A day after holding his first cabinet meeting, Iran’s new President Ebrahim Raisi rushed back to his so-called inspection tours of Iran’s provinces along with members of his cabinet. The tours are intended to address Iran’s mounting economic problems and resolve the issues in the country’s border provinces which are home to disaffected religious and ethnic minorities. However, critics say these tours serve to raise Raisi’s popularity while he has no real plan or vision to solve Iran’s ongoing problems.
Raisi has promised to offer affordable housing in Iran’s provinces, given his government’s goal to build 1 million public houses annually. There are further plans to initiate projects that boost the industrial sector and hasten privatization. Raisi’s government also intends to establish provincial planning councils to expand the capacity of human resources at the provincial level.
Provincial “inspection tours” are a routine protocol to review conditions on the ground and identify local needs. According to Iran’s president, the provincial trips permit him to observe problems directly, skip formalities, and make decisions on the spot. Raisi visited the southwestern province of Khuzestan, the northwestern province of Ilam, the central eastern province of South Khorasan, and the southeastern province of Sistan and Balochistan. All four provinces are considered to be economically “backward” and are also home to various ethnic and religious minorities including Arabs, Kurds, and Balochis. These minorities face oppression and neglect, forcing them to protest against Iran’s central government.
Raisi’s surprise visit to the province of Khuzestan came a day after he held his first cabinet meeting. His proclaimed aim is to immediately address the crises plaguing the province, such as, severe energy and water shortages, initiate projects to boost the local agricultural and health sectors, and, Meeting with tribal leaders. Promoting tourism is a major priority for Raisi’s government, and he said he planned to promote the province’s cultural heritage, and preserve its rich ecosystem.
In the province of Ilam, Raisi promised to link the province to Iran’s national railway network. The province shares a 340 kilometer border with Iraq, and Raisi insisted that the province should be developed in order to attract religious tourists. Annually, large numbers of Iranians travel through Ilam to visit Iraq’s holy shrines. Ilam is also rich in hydrocarbon resources, and Raisi’s government plans to develop oil fields to generate at least 1,000 new jobs in the province. The IRGC-affiliated Khatam al Anbiya is building dams in the province to exploit cross-border water resources. Raisi also wants the company to help build cross-border markets to boost economic activities and generate new jobs. The province is also home to Iranian Kurds, Laks and Lurs; all three, have struggled to retain their cultural heritage. Raisi urged his government to connect the province to Iraq through border corridors to boost economic opportunities.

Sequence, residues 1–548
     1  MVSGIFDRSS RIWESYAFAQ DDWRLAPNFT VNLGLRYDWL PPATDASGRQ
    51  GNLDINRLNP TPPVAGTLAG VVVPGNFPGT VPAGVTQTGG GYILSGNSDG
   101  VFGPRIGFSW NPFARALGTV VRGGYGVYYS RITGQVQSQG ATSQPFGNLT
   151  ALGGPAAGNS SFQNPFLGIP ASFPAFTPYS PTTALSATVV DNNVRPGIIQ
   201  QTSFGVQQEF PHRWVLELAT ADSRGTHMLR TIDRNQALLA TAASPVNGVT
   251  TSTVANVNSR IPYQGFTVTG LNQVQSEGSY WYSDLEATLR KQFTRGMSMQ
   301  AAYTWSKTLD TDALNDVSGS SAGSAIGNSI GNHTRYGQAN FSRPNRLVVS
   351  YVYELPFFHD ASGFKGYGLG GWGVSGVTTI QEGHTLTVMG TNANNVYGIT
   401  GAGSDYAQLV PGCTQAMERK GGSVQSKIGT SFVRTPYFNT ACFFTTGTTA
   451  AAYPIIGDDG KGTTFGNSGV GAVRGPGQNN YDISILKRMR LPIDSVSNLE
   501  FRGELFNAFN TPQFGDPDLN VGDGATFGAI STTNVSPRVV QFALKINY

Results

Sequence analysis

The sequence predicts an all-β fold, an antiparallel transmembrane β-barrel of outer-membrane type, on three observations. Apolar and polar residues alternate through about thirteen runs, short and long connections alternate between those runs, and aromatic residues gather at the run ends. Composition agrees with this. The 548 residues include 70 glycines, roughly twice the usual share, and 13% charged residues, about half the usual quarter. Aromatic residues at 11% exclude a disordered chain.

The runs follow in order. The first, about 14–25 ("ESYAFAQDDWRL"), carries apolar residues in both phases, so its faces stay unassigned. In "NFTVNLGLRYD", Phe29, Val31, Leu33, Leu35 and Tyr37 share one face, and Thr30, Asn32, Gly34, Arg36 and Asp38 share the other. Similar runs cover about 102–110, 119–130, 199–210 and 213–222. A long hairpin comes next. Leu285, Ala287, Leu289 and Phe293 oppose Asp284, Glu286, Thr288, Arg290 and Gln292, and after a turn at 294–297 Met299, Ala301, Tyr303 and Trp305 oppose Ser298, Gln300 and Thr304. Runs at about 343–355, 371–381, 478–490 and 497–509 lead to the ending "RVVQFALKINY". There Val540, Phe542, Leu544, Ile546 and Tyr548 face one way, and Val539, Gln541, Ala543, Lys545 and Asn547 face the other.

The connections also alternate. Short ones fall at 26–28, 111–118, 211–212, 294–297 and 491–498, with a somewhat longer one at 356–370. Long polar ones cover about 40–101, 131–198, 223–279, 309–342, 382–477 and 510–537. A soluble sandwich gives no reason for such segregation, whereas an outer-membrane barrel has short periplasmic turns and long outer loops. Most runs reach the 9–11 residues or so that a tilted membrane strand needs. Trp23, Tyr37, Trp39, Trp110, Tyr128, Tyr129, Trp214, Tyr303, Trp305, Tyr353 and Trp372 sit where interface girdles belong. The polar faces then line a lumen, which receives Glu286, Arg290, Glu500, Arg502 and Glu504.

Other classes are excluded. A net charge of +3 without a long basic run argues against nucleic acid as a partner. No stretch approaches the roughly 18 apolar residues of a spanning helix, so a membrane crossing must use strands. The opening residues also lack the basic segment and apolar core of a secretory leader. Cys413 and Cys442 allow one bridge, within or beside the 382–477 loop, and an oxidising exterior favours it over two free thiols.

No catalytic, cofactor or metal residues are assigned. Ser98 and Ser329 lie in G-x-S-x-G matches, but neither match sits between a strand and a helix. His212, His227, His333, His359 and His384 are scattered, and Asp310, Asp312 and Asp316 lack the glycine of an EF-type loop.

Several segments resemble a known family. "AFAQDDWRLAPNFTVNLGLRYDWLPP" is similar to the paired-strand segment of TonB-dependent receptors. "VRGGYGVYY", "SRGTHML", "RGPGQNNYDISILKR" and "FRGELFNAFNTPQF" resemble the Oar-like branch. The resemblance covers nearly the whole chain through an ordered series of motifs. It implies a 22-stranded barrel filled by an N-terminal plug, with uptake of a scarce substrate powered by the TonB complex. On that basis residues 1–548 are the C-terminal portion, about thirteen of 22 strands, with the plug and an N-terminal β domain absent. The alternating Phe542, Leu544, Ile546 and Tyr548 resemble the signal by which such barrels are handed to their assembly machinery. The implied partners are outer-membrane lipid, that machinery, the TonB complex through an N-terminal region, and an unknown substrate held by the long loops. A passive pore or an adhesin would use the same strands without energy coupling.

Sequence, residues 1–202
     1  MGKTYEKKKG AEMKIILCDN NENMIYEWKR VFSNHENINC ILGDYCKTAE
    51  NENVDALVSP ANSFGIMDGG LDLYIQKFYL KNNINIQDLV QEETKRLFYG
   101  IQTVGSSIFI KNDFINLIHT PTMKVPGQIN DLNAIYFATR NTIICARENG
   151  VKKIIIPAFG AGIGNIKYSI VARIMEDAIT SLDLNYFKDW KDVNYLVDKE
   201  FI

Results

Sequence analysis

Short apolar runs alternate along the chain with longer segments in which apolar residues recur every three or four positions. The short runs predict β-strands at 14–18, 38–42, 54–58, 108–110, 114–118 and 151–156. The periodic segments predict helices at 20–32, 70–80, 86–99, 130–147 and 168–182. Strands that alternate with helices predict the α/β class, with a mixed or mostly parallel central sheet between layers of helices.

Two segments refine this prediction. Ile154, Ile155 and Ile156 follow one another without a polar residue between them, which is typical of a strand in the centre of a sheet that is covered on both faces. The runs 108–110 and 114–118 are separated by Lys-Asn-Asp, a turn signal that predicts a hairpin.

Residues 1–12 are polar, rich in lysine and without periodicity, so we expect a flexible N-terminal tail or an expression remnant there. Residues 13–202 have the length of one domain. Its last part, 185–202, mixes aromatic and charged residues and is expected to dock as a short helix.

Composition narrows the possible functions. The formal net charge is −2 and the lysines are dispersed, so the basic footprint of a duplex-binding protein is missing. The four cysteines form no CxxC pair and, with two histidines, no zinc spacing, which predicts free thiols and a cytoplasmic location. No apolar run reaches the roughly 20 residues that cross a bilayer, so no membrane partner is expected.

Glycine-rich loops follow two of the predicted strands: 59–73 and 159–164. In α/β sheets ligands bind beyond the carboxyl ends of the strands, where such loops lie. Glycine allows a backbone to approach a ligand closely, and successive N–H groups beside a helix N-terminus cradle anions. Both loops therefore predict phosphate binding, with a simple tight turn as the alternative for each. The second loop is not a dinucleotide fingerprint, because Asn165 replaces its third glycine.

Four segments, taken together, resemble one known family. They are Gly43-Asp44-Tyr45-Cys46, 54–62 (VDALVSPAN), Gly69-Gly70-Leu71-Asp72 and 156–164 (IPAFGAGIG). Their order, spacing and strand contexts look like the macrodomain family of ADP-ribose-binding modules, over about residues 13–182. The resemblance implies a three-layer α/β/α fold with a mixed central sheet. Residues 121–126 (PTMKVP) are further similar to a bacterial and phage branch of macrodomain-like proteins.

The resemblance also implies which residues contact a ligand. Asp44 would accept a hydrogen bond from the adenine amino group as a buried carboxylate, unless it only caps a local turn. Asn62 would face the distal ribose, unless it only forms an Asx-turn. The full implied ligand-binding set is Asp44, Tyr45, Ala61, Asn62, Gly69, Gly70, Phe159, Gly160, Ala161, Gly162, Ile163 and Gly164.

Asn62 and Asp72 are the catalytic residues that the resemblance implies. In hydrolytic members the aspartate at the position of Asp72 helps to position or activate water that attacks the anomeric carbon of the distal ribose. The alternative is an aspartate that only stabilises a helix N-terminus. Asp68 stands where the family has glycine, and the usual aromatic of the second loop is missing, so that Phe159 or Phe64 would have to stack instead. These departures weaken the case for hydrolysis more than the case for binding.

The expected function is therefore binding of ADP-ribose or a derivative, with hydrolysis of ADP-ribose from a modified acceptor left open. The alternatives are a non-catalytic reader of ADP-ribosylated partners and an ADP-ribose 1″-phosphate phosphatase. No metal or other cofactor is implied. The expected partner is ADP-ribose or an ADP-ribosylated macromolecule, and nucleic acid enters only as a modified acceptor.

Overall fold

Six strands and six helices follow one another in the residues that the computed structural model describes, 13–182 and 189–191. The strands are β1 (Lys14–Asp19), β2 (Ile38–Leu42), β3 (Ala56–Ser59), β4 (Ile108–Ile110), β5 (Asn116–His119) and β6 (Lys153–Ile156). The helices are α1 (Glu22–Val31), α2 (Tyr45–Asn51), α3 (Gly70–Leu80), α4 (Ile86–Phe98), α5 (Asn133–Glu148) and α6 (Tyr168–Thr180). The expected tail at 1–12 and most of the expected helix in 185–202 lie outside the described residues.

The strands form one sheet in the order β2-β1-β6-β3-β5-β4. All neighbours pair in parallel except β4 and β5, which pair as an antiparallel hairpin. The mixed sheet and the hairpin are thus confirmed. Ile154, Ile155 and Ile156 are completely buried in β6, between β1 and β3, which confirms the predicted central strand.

In Sistan and Balochistan, home to Iran’s Sunni Balochi community, Raisi said he intended to promote investment opportunities to develop local ports such as Chabahar. In addition, Iran has plans to expand railway networks throughout the province and fix severe water shortages by insisting on its water share from Afghanistan. While touring the city of Zabol, Raisi said, Iran would defend its share of border waters, promote border markets with Afghanistan, supply gas to the province and develop its mining capacity, and invest in renewable energies.
Raisi also visited the province of South Khorasan, promising to generate jobs, develop its mining industry, and complete large road and railway projects. During the tour, Raisi emphasized the need to maximize cross-border opportunities for growth and development with Afghanistan and Pakistan. He granted a 20-day moratorium to fix labor problems and stalled projects to transfer water from the Sea of Oman to the province. In addition, he visited coal mines, promised health insurance and steady wages to workers, and said the province’s seasonal agricultural capacity meant that border markets had to expand for food export purposes.
Even before becoming president, Raisi frequently led provincial trips to meet with local authorities. As Iran’s chief justice, he led more than 26 provincial visits to meet with local judges and promote social justice. However, under his watch, Iran’s prisons and justice system drastically deteriorated.
Not surprisingly, Raisi is being compared by his critics with Iran’s former hardline President Mahmoud Ahmadinejad who also led regular provincial tours to boost his popularity. Local economists warn that Raisi is repeating Ahmadinejad’s mistake of seeking popularity rather than presenting a macro-economic plan to address provincial problems. The Khuzestan trip was a formality according to a parliamentarian, and Iranian “reformists” argue that such tours are nothing but PR stunts to distract from the crises and challenges facing the Raisi government.
Raisi has immediately undertaken populist measures to project himself as an ordinary man capable of relating to the misery facing the Iranian people. Populist steps inevitably are exposed, and their effects do not last long, hence Raisi will then have to offer a substantial economic plan or face more protests across the country that will rock the feeble pillars of the political system and further erode the government’s legitimacy which the Raisi administration is seeking to restore.